The House passed a bill Friday that would give the Federal Reserve exclusive authority to write rules on enforcing the proprietary trading ban known as the Volcker Rule.

The bill passed 300-104, with 78 Democrats joining the Republican majority to revise the ban enacted by the 2010 Dodd-Frank Act and originally proposed by former Fed Chairman Paul Volcker.

Like the Senate regulatory relief bill that would make targeted changes to Dodd-Frank, the House provision would exempt community banks with under $10 billion in assets and less than 5% of their assets tied to trading. But it would go further by consolidating regulatory authority for the Volcker Rule with one agency.

House Financial Services Committee Chairman Jeb Hensarling
"If we're going to have a Volcker Rule, one of the most complicated, complex rules ever designed by the mind of man, why don't we have one agency to enforce it?" said House Financial Services Committee Chairman Jeb Hensarling. Bloomberg News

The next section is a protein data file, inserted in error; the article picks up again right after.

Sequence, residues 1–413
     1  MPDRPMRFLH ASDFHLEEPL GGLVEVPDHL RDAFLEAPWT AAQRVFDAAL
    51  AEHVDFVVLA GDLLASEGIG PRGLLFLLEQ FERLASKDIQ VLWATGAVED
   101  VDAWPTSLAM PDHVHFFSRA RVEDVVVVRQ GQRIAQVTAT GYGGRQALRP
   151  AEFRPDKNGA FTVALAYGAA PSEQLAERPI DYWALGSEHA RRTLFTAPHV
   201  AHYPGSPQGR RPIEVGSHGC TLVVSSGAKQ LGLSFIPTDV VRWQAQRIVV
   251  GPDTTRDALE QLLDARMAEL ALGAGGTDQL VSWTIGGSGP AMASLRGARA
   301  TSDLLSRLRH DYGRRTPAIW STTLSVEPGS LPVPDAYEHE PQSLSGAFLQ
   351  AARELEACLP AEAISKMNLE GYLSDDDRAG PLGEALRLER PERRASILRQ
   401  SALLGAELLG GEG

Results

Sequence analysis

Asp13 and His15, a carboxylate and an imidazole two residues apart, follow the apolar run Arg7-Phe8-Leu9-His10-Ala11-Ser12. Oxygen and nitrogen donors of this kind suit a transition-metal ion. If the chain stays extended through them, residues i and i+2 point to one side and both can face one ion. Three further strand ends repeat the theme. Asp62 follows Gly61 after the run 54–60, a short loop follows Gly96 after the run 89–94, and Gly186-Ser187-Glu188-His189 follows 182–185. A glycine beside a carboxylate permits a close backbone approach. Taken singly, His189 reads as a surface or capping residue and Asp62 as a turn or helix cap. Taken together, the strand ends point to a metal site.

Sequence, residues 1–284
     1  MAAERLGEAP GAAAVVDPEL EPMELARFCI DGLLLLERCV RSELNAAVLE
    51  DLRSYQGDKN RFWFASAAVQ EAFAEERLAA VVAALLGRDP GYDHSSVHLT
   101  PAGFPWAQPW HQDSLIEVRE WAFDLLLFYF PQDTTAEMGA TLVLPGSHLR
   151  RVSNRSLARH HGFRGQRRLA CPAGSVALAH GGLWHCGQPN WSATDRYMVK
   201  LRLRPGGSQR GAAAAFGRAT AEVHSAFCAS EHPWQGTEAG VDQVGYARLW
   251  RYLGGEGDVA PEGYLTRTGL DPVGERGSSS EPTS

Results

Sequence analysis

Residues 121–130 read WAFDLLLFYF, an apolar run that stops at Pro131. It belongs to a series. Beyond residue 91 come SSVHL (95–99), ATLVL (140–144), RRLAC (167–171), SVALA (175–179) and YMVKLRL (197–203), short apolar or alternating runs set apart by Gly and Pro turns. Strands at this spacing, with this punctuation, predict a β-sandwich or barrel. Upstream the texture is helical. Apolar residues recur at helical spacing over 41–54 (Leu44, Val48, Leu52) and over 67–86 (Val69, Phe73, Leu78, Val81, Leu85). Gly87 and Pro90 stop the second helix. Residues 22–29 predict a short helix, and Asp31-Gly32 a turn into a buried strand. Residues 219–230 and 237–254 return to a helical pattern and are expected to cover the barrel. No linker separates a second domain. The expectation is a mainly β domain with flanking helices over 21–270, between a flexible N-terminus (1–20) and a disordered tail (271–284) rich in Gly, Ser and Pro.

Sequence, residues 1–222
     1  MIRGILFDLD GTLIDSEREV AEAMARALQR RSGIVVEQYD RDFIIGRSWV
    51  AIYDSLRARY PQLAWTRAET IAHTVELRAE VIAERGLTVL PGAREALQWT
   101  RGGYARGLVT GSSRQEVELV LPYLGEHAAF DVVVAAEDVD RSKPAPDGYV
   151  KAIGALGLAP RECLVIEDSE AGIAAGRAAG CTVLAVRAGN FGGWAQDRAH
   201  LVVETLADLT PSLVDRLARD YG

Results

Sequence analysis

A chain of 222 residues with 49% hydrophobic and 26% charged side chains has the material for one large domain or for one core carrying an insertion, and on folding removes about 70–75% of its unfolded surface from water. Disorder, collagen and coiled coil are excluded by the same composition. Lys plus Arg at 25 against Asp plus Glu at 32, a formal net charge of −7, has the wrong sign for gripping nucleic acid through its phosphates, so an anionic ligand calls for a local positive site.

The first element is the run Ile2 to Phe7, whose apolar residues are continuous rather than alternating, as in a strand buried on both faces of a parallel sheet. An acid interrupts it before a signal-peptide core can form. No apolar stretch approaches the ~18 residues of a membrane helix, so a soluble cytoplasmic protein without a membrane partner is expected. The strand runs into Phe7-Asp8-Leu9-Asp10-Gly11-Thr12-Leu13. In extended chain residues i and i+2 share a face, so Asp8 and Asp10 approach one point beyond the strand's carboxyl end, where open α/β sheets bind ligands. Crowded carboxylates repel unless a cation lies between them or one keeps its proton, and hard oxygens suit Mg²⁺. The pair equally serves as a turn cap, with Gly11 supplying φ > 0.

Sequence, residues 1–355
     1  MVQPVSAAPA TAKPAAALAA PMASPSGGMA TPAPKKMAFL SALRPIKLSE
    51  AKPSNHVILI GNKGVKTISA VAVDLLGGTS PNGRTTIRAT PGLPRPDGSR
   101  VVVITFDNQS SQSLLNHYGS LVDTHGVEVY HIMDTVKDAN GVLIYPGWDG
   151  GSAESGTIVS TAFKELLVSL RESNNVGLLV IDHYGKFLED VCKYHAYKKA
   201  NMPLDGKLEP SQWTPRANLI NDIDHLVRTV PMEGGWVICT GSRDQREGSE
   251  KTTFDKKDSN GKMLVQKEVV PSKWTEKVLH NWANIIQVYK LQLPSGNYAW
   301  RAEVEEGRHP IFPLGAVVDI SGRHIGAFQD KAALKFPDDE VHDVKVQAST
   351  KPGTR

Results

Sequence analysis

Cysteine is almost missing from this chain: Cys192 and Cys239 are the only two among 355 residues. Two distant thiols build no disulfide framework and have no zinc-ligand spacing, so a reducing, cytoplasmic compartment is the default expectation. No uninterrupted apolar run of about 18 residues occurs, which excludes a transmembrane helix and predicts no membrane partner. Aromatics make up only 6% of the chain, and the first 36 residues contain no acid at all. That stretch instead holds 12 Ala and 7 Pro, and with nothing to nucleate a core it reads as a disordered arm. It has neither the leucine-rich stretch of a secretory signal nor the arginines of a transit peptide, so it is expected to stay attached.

While many analysts believe Congress will enact the Senate's version of reg relief, House Republicans have wanted to negotiate with the upper chamber to attach some additional bills passed by the House.

"If we're going to have a Volcker Rule, one of the most complicated, complex rules ever designed by the mind of man, why don't we have one agency to enforce it?" House Financial Services Committee Chairman Jeb Hensarling said before the passage of HR 4790.

Currently, five agencies are tasked with implementing the ban on proprietary trading, including the Fed, the Office of the Comptroller of the Currency, the Federal Deposit Insurance Corp., the Securities and Exchange Commission and the Commodity Futures Trading Commission.

Rep. Maxine Waters. D-Calif., urged Democrats to oppose the bill, saying that Republicans "have not learned the lessons of the financial crisis at all" and that consolidating authority with the Fed is a gift to the big banks, which would still have to comply with the ban.

"This is not about community banks, this is about the megabanks," Waters said.

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